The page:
After parking my car in the East Lot, I head past the
guard post, past the security cameras, past the sign list-
ing the number of days since the last work-loss accident,
stuck at 29 for weeks. Then into the locker room, with
its large round sinks, and the hand cleaner that looks and
feels like sawdust, and the old battered lockers, and the
first whiff of the dark smell of grease.

The plant has its own hospital, its own store, its own
railroad, its own streets, a main cafeteria and five satel-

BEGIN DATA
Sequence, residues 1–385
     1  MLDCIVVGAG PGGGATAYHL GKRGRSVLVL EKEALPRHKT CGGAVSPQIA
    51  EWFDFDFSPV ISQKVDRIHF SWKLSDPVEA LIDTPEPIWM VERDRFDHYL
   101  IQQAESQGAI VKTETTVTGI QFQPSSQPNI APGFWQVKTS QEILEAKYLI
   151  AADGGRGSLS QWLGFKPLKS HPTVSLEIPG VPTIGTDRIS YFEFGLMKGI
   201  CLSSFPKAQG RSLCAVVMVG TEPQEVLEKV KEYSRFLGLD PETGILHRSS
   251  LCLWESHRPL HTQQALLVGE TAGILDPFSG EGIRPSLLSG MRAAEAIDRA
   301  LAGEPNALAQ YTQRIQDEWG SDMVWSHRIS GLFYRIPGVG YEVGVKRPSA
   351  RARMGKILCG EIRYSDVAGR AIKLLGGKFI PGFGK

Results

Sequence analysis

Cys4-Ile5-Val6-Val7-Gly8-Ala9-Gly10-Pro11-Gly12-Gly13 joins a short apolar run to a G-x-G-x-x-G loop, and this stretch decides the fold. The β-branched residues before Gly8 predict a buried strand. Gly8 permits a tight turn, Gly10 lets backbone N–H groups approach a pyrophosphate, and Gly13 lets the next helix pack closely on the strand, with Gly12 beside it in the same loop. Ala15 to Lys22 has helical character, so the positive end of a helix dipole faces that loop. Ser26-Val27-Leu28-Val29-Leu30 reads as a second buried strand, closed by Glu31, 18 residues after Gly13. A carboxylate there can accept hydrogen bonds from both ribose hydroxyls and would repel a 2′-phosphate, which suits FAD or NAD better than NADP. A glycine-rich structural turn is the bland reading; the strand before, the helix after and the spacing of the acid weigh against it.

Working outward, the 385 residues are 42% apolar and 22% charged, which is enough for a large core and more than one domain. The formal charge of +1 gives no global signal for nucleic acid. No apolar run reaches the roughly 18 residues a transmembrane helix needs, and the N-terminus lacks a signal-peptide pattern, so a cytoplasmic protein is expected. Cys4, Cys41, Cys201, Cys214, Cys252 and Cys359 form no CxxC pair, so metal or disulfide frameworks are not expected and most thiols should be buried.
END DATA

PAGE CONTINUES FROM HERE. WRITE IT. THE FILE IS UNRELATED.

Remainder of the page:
lites. I got lost the first few times just trying to find my
way out at shift change. Once I ended up at the wrong
doors, the ones that go from noise and grit and darkness
to clean, bright, quiet offices where people dress nice
and talk to each other in normal voices. Heads turned.
I turned, back into the black noise. Lost.

:: Jim Daniels, Punching Out

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